In contrast, Eastern people embrace ambiguity as desirable and don’t need to substitute complexity by simplicity and uncertainty with certainty. By seeing uncertainty and certainty as transitory, alternating phases, they avoid the trap of believing that uncertainty can be rationally managed and eliminated. This leads to a more relaxed, realistic and creative approach to unknown unknowns.
Given the attractiveness of Eastern thinking in situations of uncertainty, can Westerners learn from Asians? Can yin-yang thinking be transferred to a different cultural context? In most cases, a direct transfer is difficult because concepts are tied to history and culture. They often touch deeply engrained values that are mostly hidden and subconscious.
Regardless of these barriers, a few ideas from yin-yang thinking could help Westerners when dealing with uncertainty and unknown unknowns:
- Understand that uncertainty is not something negative but can be strategically exploited, as uncertainty and certainty are two sides of the same coin that are interdependent and alternating;
- Play with both past patterns and newly emerging patterns to increase the potential scope of action;
- Practice thinking from different, opposing directions to arrive at variable and flexible solutions under the condition of constant change.
Eastern philosophy may be worth considering when it comes to dealing with the complexities of today. Can we thereby better tackle the uncertainty that accompanies unknown unknowns? Although we cannot eliminate uncertainty, Eastern philosophy can teach us how to deal with it productively. The success of this endeavor, though, is likely to be matter of individuals adapting their thinking to the ‘circular’ logic of yin-yang.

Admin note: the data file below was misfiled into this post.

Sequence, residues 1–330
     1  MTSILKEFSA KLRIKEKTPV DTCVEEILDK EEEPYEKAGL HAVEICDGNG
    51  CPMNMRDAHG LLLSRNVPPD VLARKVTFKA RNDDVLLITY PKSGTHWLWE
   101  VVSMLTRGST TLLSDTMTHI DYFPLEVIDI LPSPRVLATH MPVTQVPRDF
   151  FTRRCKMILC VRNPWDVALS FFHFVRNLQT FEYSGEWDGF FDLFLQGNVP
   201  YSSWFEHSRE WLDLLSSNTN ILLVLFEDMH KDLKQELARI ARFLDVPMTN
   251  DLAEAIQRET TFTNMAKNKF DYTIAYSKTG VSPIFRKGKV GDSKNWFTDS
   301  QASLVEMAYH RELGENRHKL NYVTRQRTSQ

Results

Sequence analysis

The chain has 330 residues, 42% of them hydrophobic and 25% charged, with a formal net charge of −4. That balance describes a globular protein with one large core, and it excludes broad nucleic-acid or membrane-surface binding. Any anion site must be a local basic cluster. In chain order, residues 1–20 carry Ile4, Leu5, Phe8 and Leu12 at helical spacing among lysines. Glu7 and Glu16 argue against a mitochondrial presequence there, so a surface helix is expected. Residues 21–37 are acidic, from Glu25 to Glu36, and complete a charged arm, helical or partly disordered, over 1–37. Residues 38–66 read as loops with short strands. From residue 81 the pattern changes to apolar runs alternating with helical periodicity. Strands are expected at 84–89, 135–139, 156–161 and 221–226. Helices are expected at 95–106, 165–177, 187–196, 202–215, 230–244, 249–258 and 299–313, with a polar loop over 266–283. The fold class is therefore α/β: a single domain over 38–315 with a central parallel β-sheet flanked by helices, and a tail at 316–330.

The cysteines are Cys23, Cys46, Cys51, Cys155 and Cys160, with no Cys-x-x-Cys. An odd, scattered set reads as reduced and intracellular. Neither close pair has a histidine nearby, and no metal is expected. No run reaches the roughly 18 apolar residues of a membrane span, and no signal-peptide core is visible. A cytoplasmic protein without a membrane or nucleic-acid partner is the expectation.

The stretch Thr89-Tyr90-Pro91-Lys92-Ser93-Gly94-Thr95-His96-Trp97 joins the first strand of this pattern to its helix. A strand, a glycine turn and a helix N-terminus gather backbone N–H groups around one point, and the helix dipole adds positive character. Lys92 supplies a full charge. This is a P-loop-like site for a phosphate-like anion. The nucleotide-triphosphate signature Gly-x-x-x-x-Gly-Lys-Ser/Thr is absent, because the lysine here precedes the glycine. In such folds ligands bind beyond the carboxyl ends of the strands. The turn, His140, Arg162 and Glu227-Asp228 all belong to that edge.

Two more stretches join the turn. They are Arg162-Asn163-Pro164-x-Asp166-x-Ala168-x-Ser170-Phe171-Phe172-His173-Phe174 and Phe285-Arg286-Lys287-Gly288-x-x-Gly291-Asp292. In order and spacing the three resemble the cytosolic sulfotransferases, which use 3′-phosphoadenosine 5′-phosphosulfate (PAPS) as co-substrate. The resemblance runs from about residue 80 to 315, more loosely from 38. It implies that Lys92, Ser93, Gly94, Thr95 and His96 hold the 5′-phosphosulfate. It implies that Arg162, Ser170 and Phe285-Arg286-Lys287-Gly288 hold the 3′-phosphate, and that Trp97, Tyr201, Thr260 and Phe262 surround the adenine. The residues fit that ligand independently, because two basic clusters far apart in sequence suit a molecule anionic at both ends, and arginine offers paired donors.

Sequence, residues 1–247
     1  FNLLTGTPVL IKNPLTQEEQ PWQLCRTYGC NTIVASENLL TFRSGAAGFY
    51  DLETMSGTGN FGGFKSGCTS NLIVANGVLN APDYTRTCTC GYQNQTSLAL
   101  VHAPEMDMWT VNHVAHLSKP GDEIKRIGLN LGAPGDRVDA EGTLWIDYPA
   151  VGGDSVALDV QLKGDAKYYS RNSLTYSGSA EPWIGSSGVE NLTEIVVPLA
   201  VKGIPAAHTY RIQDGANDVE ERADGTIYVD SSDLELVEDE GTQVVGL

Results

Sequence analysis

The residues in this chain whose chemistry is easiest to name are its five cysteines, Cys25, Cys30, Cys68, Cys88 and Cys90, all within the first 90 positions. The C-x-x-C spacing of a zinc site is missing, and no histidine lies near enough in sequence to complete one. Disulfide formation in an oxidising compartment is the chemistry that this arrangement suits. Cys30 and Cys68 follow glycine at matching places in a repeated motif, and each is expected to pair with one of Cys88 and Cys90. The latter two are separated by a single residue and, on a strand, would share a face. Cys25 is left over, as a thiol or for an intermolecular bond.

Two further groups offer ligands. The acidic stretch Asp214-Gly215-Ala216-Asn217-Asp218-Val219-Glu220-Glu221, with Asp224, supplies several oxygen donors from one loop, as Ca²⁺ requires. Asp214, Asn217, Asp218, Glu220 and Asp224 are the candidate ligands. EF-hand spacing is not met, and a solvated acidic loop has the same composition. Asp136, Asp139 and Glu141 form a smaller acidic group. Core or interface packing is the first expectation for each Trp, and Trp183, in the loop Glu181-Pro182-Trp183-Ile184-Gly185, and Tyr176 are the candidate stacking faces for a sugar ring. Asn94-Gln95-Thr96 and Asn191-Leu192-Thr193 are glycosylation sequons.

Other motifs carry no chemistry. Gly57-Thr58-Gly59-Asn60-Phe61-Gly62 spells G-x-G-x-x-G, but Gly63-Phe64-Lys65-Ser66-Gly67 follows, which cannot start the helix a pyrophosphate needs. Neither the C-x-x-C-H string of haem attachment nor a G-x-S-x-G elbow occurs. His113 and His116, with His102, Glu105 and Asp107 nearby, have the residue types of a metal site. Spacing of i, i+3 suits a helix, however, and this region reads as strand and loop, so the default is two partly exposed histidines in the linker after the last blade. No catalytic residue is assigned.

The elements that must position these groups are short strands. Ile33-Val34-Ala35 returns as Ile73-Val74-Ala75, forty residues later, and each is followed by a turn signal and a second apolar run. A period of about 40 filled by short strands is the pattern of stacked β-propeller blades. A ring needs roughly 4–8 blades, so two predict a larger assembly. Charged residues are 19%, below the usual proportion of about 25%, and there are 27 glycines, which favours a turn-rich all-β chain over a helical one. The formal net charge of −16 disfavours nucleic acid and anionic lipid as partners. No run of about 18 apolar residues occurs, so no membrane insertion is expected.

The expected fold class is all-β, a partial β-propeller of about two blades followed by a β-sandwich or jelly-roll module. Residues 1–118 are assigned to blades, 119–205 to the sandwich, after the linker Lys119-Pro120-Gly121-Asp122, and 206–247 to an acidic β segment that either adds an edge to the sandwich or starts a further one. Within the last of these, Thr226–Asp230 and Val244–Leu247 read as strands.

Do you think yin-yang thinking is worth adopting? Have you seen examples in the Western world? What potential difficulties do you see in adopting this logic or way of thinking?
Granet, M. (1985). Das Chinesische Denken (trans: M. Porkert). Suhrkamp: Frankfurt, Germany
Hofstede, G. (2001). Culture’s consequences: Comparing values, behaviors, institutions and organizations across nations. Sage: Thousand Oaks, California, United States of America
Li, P. P. (1998). Towards a geocentric framework of organizational form: A holistic, dynamic and paradoxical approach. Organization Studies, 19, 5: 829–861.
Wang, R. R. (2012). Yinyang: The Way of Heaven and Earth in Chinese Thought and Culture. Cambridge University Press: New York, United States of America
Biography: Christiane Prange PhD is a Professor of Strategic and International Management at Tongji University, Shanghai, China. She is also the Director of the AgileVentureLab, a global think tank and expert advisory group focused on strategizing and transformation of global companies facing shifting dynamics, and learning from Asia (especially China).
Biography: Alicia Hennig PhD is an Associate Professor of Business Ethics at Southeast University, Nanjing, China. She is an interdisciplinary cross-cultural researcher working on Chinese philosophy and its application in business and management.
This blog post is part of a series on unknown unknowns as part of a collaboration between the Australian National University and Defence Science and Technology.
For the seven other blog posts already published in this series, see: https://i2insights.org/tag/partner-defence-science-and-technology/
Scheduled blog posts in the series:
January 14, 2020: Detecting non-linear change ‘inside-the-system’ and ‘out-of-the-blue’ by Susan van ‘t Klooster and Marjolijn Haasnoot
January 28, 2020: How can resilience benefit from planning? by Pedro Ferreira
February 11, 2020: Why do we protect ourselves from unknown unknowns? by Bem Le Hunte